NRA Watch Report

NRA in Crisis: 2020

Allegations of extortion, corruption, and a failed coup attempt: This is the National Rifle Association of 2020. The NRA finds itself in the midst of an all-out “civil war,” which has alienated many of its members and donors, threatened its financial viability, and potentially jeopardized its tax-exempt status. As one major donor put it, the NRA’s infighting “has become a daily soap opera, and it’s decaying and destroying the NRA from within.”

The NRA is weaker than it has ever been. It faces investigations by attorneys general in New York and Washington, D.C., an exodus of board members, and the “abject failure” of its ambitious propaganda arm NRATV. The organization ended 2018 with a $10.8 million deficit – the third year in a row it found itself in the red financially. Even President Trump has commented on its decline, tweeting that the NRA “must get its act together quickly, stop the internal fighting, & get back to GREATNESS – FAST!” 

According to a “secret recording” obtained by NPR, NRA CEO Wayne LaPierre said in a speech to NRA board members and staff that the NRA took “about a $100 million hit” in lost revenue and “real cost to this association” in 2018 and 2019 due to the various legal issues facing the organization. He also said that for the NRA “to survive,” he took “about $80 million” out of the budget and “took it down to the studs.” He added that, “We’re not out of the woods yet. We still gotta wrestle with this financial situation.”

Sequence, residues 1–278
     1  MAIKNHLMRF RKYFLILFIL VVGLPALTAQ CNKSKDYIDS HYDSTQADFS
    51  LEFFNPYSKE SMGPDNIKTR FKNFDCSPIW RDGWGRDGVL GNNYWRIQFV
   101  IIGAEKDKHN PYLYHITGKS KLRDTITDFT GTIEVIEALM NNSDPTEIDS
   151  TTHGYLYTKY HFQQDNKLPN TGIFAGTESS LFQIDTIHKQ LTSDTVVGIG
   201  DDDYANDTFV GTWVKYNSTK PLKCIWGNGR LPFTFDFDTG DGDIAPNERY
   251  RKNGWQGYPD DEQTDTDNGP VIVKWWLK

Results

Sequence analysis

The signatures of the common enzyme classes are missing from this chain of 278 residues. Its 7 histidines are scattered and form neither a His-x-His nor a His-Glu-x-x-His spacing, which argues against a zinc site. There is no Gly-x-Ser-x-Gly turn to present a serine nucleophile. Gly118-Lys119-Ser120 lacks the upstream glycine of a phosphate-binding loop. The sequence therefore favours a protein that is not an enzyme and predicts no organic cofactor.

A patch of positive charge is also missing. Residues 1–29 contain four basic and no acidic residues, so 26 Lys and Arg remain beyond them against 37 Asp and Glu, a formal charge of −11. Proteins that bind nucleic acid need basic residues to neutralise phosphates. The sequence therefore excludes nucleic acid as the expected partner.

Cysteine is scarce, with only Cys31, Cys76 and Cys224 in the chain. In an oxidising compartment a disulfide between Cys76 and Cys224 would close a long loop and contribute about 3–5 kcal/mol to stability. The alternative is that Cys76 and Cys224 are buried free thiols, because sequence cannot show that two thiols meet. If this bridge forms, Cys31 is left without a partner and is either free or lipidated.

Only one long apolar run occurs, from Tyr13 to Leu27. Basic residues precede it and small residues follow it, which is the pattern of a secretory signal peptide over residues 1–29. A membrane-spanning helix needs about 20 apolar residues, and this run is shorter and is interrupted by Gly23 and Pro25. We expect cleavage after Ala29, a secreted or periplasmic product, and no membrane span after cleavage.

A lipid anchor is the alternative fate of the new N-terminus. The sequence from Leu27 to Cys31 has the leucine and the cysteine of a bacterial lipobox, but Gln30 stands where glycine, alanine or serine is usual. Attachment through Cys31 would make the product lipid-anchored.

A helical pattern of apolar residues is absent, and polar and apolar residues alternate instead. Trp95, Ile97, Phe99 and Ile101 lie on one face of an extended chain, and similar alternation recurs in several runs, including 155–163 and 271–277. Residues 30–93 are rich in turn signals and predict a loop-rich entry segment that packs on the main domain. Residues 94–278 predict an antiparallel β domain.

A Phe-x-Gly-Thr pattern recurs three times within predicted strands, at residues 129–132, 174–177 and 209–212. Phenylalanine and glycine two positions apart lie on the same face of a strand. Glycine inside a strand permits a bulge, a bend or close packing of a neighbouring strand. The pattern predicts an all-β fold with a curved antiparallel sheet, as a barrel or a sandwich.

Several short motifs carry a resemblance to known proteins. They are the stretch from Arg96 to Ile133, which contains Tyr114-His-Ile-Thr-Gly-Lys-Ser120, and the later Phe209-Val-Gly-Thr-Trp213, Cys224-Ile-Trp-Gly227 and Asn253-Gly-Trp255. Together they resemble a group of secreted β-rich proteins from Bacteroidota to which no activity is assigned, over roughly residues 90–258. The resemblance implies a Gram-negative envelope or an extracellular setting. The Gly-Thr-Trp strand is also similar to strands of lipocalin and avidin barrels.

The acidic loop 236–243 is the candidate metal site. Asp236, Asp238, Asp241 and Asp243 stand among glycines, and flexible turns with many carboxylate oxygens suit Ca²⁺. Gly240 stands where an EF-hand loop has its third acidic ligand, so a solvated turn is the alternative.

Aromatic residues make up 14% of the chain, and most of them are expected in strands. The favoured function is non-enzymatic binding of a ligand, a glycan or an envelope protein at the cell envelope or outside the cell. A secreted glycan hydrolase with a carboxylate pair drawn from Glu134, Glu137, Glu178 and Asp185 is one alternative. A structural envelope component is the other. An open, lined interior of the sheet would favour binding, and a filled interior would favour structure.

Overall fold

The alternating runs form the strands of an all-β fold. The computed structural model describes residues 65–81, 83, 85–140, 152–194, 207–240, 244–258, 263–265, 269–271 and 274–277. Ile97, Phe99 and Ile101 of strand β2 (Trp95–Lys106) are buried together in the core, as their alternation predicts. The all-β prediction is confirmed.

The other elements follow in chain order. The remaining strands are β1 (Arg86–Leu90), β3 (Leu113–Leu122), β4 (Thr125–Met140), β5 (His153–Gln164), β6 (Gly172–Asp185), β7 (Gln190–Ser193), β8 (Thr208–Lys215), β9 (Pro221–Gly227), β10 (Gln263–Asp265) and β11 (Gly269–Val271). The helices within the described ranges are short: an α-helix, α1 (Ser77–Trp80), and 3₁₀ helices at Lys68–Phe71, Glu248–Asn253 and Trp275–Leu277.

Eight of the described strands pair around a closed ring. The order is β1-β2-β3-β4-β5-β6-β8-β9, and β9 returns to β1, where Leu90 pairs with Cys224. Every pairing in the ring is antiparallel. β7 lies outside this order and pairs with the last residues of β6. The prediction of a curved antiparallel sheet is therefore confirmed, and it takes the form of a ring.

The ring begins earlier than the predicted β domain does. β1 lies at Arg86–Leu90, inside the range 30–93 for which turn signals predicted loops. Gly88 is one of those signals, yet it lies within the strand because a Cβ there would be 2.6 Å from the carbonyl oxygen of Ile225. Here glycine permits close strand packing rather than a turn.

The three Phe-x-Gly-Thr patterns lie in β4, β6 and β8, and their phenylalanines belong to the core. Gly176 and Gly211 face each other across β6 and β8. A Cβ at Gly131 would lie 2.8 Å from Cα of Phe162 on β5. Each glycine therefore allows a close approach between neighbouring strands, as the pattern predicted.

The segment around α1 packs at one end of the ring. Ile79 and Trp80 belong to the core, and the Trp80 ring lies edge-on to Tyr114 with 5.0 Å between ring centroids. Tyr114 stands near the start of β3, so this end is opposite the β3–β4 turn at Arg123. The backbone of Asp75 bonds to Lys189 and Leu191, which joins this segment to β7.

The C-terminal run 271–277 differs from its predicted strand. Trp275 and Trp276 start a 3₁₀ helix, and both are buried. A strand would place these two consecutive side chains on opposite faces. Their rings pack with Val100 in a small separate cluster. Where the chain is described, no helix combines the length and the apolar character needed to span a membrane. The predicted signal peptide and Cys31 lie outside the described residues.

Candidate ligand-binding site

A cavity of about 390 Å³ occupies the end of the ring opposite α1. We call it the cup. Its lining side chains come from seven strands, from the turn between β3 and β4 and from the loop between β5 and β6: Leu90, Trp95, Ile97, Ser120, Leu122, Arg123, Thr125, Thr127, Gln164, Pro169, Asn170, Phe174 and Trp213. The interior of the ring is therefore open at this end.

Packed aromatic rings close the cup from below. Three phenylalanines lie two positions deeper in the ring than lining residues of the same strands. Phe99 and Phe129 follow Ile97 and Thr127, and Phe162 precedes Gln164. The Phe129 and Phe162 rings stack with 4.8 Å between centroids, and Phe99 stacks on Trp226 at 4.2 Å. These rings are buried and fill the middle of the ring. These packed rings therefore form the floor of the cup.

How did the NRA go from a supposed political power broker to simply broken?

Financial and political crises have ripped the organization apart in recent years and exposed alleged wrongdoing at the highest levels. Internal NRA documents show that the organization has spent tens of millions of dollars on executive salaries, legal bills, administrative costs, and extravagant travel, while less than 10 percent of NRA funds have been spent on its stated core mission of gun safety, education, and training. 

The NRA’s own board members and accountants have called into question lavish, legally suspect personal spending by its leadership, including millions of dollars’ worth of Italian suits, private jet trips, and personal vacations for its CEO, Wayne LaPierre; and $450,000 in luxury hotels, restaurants, and cigar bars for its top fundraiser, Tyler Schropp.

But board members’ calls for an audit have gone unheeded. In fact, one board member who questioned LaPierre’s spending said leadership had told “outright lies” and removed him from key committees for daring to challenge the “cabal of cronyism.” Another board member labeled the NRA’s current leadership as “loathsome toads” for their handling of questions about spending. More than 10 percent of the organization’s 76-member board has resigned in the past year alone.  

Multiple investigative reports have alleged that many in the NRA’s leadership have used the organization as their personal cash cow, resulting in a culture of self-dealing, insider payments, and conflicts of interest. Nearly one-quarter of the NRA’s board members received money from the organization over a three year period. NRA leaders have been accused of using their own companies, LLCs, and side arrangements with business partners to allegedly funnel money from the organization to themselves. That reality has led one tax-exempt-status expert to conclude that “the volume of transactions with insiders and affiliates of insiders is really astonishing.”